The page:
Modify the java class, MainActivity.java to the following:


import android.os.Bundle;
import android.net.Uri;
import android.view.View;
import android.content.Intent;
import android.app.Activity;
import android.util.Log;
import android.widget.Button;
import android.view.Menu;
import android.widget.Toast;

public class MainActivity extends Activity {

@Override
protected void onCreate(Bundle savedInstanceState) {
super.onCreate(savedInstanceState);
setContentView(R.layout.activity_main);

Button embtn = (Button) findViewById(R.id.email);
embtn.setOnClickListener(new View.OnClickListener() {
public void onClick(View view) {

composeandSendEmail();
}
});

}
protected void composeandSendEmail () {
Log.i(Send email, );

String[] TO = {mikeartemov@gmail.com};
String[] CC = {test@gmail.com};
Intent eIntent = new Intent(Intent.ACTION_SEND);
eIntent.setData(Uri.parse(mailto:));
eIntent.setType(text/plain);


eIntent.putExtra(Intent.EXTRA_EMAIL, TO);
eIntent.putExtra(Intent.EXTRA_CC, CC);
eIntent.putExtra(Intent.EXTRA_SUBJECT, Add subject);
eIntent.putExtra(Intent.EXTRA_TEXT, Add email message);

try {

startActivity(Intent.createChooser(eIntent, Send mail));


finish();
Log.i(Email has been send, );
} catch (android.content.ActivityNotFoundException ex) {
Toast.makeText(MainActivity.this,
You have not installed email client., Toast.LENGTH_SHORT).show();
}
}
@Override
public boolean onCreateOptionsMenu(Menu menu) {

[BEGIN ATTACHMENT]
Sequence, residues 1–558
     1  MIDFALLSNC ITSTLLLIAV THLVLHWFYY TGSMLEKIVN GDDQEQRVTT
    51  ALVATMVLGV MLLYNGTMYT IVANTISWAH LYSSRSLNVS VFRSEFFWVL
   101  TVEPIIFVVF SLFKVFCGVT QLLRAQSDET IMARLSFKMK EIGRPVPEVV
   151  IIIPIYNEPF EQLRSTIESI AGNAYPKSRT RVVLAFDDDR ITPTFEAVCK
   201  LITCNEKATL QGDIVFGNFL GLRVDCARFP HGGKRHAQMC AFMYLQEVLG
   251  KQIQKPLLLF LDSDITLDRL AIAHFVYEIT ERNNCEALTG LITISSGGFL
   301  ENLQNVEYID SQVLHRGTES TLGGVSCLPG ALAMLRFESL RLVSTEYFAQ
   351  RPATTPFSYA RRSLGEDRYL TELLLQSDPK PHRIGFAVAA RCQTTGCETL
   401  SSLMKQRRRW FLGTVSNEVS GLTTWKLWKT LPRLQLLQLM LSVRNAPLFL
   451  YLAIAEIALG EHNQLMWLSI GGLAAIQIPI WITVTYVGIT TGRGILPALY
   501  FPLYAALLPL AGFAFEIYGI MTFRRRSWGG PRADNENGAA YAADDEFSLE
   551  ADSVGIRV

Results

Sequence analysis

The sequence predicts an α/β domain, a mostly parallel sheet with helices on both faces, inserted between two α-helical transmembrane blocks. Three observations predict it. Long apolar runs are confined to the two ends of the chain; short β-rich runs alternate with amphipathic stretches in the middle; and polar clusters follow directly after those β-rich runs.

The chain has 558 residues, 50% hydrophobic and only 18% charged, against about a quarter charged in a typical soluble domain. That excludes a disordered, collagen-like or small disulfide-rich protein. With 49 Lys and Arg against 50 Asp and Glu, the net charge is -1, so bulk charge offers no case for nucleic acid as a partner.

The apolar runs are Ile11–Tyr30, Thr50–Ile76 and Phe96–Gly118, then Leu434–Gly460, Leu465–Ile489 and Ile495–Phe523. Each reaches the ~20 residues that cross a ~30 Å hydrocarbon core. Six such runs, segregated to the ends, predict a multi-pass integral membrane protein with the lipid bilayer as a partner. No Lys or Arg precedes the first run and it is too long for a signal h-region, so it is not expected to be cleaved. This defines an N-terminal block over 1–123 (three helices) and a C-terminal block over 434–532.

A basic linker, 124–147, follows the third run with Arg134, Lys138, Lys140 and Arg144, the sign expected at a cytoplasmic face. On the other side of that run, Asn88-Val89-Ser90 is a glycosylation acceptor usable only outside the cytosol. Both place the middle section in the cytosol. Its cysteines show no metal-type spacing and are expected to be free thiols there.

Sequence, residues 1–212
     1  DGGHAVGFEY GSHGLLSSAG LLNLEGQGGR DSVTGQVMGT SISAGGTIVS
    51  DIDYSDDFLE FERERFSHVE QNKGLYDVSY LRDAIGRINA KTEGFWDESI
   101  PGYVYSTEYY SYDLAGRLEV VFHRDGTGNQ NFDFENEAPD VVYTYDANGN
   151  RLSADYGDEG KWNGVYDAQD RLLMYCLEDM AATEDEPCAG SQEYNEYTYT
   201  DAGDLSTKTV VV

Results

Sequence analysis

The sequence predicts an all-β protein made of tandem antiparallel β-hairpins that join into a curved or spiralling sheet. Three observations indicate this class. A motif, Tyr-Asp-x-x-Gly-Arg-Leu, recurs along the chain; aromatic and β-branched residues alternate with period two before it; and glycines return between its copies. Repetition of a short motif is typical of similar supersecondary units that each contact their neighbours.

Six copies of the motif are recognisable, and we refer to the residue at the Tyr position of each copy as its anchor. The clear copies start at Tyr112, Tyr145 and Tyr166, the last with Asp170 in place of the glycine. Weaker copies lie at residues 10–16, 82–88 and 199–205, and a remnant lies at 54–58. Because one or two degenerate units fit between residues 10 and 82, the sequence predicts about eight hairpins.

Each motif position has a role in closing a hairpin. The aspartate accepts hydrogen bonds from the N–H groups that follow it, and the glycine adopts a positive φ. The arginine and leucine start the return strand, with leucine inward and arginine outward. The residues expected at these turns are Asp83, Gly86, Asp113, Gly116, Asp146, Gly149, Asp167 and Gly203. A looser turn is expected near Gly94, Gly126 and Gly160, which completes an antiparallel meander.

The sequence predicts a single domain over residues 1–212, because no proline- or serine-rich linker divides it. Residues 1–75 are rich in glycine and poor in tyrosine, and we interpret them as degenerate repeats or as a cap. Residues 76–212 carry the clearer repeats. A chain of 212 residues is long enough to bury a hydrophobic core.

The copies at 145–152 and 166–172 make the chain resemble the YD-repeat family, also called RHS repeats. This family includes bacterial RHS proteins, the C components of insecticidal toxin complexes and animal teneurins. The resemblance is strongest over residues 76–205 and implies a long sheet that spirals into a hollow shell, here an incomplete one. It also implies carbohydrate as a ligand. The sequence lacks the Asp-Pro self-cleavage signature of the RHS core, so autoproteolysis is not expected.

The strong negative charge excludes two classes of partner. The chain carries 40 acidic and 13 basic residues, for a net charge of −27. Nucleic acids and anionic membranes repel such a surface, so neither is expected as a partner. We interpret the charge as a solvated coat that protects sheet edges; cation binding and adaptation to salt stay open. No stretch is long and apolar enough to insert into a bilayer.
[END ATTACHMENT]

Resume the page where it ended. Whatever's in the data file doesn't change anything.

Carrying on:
// Add items to the action menu if they are available.
getMenuInflater().inflate(R.menu.main, menu);
return true;
}
}

Modify the contents of the string.xml file to the following, to define constants:

<?xml version=1.0 encoding=utf-8?>
<resources>
<string name=app_name>AndroidSendingEmail</string>

<string name=hello_world>Hello world!</string>


<string name=action_settings>Settings</string>
<string name=email>Compose Email</string>
</resources>

Note that no changes should be made to the AndroidManifest.xml file, so maintain it on its
default state. You can now run your app by selecting the project and clicking onRun
from the toolbar. Select to run the app on the real device from the dialog that will appear.
The following window should appear:


Click on the Compose Email button. All the email clients installed on your device will
be enlisted. Choose the one of your choice. You will then see the fields for filling in the
To email, the Subject, and then another field where you can compose your message. You
can then hit the Send Email button and the email will be sent.

Sending SMS in Android



You might need to use your app to send messages to other people. This can be
implemented in two ways:

1. By the use of SmsManager.
2. By the use of Buit-in Intent.

Using SmsManager

It manages the operations involving the sending of messages to other mobile phones. It is
implemented as follows:

SmsManager manager = SmsManager.getDefault();

We have implemented it by calling the method SmsManager.getDefault() ,which is a static
method. The instantiated object above, that is, manager can then be used to send
messages to the specified mobile number as shown below:

manager.sendTextMessage(phoneNo, null, SMS, null, null);

Other methods which can be applied to the class SmsManager include the following:

1. ArrayList<String> messagedivision (String text)- a single message is divided
into several fragments. No fragment is bigger than the original SMS message.
2. static SmsManager getDefault()
Returns to the user the default instance of SmsManager.

For you to demonstrate sending a Sms text, you need a physical device running android.
otherwise, the emulator might end up failing. You should also target SDK.

Create a new project and give it a name of your choice. Modify the activity_main.xml file
to the following:

<LinearLayout xmlns:android=http://schemas.android.com/apk/res/android
android:layout_width=fill_parent
android:layout_height=fill_parent
android:orientation=vertical >
<TextView
android:id=@+id/mobNo